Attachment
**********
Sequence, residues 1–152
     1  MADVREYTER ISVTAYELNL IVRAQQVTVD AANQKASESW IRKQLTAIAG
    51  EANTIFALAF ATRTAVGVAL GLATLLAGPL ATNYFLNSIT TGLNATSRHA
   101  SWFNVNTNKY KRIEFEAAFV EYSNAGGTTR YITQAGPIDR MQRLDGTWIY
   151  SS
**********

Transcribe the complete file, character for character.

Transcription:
Sequence, residues 1–152
     1  MADVREYTER ISVTAYELNL IVRAQQVTVD AANQKASESW IRKQLTAIAG
    51  EANTIFALAF ATRTAVGVAL GLATLLAGPL ATNYFLNSIT TGLNATSRHA
   101  SWFNVNTNKY KRIEFEAAFV EYSNAGGTTR YITQAGPIDR MQRLDGTWIY
   151  SS